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Bustan Ruins

Toprak-kala


This is a most impressive ruin, standing proud above the farmland after 1700 years. It was built during the Kushan period (2nd and 3rd century AD) and in parts has undergone a rather horrible reconstruction by Soviet archaeologists. In the centre of the ruin is a temple, which looks a bit like the Fire Temple site at Tash-k'irman. Contrary to what the Lonely Planet guide to Central Asia says there are no rooms carved out of the rock on a hilltop, for the simple reason that the whole structure is made out of clay bricks.

Kizil-kala

This is a fortress, with well preserved walls, last rebuilt just before the Mongols invaded. It dates from the 4th and 3rd century BC, and formed part of the line of frontier fortresses during the Kang-kiui period.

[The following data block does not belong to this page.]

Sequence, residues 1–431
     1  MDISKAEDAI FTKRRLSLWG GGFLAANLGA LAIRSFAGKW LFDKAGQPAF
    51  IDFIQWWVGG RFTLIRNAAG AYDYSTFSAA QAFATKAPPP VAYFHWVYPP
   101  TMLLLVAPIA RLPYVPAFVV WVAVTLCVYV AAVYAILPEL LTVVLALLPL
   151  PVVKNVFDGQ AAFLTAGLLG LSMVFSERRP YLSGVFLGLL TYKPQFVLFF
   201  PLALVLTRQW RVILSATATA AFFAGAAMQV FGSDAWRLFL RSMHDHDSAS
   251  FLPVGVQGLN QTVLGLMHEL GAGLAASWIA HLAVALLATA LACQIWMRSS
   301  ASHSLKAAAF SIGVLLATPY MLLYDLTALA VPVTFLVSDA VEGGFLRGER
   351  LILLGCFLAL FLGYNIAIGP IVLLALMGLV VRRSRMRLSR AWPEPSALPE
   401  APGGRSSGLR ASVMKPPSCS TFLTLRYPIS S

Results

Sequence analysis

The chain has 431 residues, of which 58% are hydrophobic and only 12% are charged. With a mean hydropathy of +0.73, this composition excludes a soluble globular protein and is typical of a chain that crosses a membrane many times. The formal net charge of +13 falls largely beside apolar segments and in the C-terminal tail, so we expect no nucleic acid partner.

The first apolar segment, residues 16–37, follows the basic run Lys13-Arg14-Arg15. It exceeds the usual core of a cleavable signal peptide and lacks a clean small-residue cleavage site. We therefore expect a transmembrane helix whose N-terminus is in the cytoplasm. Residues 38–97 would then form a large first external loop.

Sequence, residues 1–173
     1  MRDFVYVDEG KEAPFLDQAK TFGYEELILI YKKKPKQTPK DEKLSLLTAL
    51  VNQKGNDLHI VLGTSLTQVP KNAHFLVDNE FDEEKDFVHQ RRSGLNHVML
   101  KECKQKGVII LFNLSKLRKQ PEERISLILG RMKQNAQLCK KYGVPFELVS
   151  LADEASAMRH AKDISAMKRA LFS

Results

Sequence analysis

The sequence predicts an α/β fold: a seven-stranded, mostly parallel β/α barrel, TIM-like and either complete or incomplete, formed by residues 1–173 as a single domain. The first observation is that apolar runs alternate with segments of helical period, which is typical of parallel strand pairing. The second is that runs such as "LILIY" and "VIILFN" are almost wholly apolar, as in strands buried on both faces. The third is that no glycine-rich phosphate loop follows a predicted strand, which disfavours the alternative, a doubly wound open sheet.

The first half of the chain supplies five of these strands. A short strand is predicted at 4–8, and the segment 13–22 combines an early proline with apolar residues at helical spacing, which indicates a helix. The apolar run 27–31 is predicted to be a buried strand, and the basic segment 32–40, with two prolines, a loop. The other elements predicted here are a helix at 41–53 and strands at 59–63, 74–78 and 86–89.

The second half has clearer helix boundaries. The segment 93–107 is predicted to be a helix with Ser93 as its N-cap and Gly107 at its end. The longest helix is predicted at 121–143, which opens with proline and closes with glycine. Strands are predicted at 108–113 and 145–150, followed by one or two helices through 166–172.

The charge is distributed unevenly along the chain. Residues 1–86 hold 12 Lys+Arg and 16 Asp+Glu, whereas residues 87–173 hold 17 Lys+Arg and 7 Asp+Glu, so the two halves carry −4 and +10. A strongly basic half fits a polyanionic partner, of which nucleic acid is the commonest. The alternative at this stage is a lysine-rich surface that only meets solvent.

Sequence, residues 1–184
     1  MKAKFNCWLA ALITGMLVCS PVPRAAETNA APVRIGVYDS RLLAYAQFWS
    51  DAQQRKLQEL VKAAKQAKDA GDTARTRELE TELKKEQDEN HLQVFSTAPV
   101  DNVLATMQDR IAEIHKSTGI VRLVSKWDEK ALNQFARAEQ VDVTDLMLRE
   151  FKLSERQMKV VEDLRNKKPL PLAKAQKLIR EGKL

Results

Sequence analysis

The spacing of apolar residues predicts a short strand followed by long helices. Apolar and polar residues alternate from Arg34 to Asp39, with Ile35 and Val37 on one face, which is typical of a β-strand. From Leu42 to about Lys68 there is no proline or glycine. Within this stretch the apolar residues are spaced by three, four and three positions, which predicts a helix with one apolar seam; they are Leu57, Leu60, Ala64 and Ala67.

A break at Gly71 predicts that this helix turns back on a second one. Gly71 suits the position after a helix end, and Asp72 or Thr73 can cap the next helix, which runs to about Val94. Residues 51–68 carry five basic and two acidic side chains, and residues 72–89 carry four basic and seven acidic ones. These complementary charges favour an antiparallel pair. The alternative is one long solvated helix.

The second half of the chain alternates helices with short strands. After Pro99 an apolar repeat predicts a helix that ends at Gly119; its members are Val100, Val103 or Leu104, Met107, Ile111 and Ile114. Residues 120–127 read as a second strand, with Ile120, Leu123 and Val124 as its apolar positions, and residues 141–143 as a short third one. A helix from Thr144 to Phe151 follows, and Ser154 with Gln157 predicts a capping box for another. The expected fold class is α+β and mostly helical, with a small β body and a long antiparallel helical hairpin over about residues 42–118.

Ayaz-kala I and Ayaz-kala III

Ayaz-kala I is an imposing site. Perched high on a hill, it has staggering views of the surrounding countryside. Sadly one of the things we saw was a large blue lake, the depository of the water used to wash the land before planting and ordinary irrigation begins. Bright blue and perfectly dead. We had lunch in the gateway area in the company of a large and persistent beetle. This fortress complex was built in the 4th and 3rd centuries BC, and must have been a feather in the cap of Chorasmia. It looks down too, on Ayaz-kala III which was constructed in the medieval period, and which was used in the making of a film about the life of Genghis Khan. Parts of the wall of Ayaz-kala III have been reconstructed.

This source of this Information is the USCAP website http://www.arts.usyd.edu.au/departs/archaeology/CentralAsia/homepage.htm.
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